1. Connected, self-driving cars dominate buzz at Frankfurt auto show David McHugh, Associated Press, at the San Jose Mercury News:
The big question among automakers is whether they will be the ones to provide new technologies — and profit from them — or will major tech companies like Google and Apple take a slice of the industry. For now, the two sides are balancing cooperation against competition as they gauge what the future holds.
General Motors CEO Mary Barra succinctly expressed a common view, asserting that “we will see more change in the industry in the next five to ten years than we have in the last 50.”
2. Google self-driving car patent reveals how you’ll let AI take the wheel Chris Ziegler, for The Verge:
An arm on the steering column (not much different from a windshield wiper arm) could be pulled to engage a car’s self-driving mode; at that point, the system would do a check to see whether it’s ready and able to actually take control from the driver. If it isn’t — the car can’t get a GPS lock, for instance — the driver might see a “Not Available” light on the dash. Otherwise, you’d see a “Ready” light, at which point you can start taking your appendages off the wheel and pedals.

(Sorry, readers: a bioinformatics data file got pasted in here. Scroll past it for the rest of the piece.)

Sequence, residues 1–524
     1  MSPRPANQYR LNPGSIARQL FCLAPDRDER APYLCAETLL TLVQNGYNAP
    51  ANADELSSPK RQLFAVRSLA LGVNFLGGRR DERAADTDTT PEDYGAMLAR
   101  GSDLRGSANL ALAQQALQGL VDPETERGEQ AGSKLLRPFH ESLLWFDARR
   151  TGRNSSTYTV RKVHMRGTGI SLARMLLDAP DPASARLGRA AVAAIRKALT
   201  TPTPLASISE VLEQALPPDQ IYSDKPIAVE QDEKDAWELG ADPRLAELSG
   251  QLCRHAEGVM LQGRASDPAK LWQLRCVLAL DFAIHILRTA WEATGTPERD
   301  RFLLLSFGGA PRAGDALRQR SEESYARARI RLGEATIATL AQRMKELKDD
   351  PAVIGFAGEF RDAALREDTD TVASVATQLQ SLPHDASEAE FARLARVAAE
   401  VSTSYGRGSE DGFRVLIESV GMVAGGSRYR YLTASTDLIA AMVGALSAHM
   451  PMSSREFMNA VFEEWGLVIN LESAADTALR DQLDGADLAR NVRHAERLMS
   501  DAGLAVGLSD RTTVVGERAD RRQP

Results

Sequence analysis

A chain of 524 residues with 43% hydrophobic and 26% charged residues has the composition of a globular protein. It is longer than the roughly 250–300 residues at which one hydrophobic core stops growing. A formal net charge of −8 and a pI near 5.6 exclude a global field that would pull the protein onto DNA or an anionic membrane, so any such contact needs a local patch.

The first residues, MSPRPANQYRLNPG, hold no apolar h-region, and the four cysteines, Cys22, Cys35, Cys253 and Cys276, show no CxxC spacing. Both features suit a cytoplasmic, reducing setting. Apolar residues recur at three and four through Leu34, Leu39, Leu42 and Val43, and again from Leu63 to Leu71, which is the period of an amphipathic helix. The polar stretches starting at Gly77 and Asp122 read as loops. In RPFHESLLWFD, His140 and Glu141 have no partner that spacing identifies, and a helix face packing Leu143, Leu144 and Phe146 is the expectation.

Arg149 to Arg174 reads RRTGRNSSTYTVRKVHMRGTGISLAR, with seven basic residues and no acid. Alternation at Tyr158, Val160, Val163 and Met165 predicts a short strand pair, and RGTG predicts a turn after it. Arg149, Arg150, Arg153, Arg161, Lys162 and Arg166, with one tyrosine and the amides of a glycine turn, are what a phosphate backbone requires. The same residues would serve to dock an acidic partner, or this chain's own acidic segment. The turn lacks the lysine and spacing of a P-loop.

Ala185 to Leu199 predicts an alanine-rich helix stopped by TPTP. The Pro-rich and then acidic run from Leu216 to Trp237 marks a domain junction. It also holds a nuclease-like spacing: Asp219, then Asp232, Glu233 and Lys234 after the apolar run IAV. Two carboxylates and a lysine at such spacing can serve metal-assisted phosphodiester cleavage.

3. How carmakers can compete for the connected consumer Hans-Werner Kaas, Andreas Tschiesner, Dominik Wee, and Matthias Kässer, for McKinsey, in the full PDF report cited by the article:
The connected car will feature a high number of interfaces (e.g., to infrastructure, to other vehicles, and to some cloud-based platform) for which common standards are required (cross-brand, cross-geographies). Building an ecosystem of multiple OEMs with a shared platform might turn out to be a more promising way for them to succeed than to try competing on their own.
In such an ecosystem, OEMs and other players could cooperate using the same (software) platform to reach sufficient scale and to acquire specific capabilities for providing functionalities and services while keeping control over data flows.
They could, I suppose. Under perfect cooperation. But that’s not very likely. That’s one reason (of several) why Google has developed an autonomous automobile platform. And also one reason why Apple thinks its integrated hardware-software approach will be an advantage.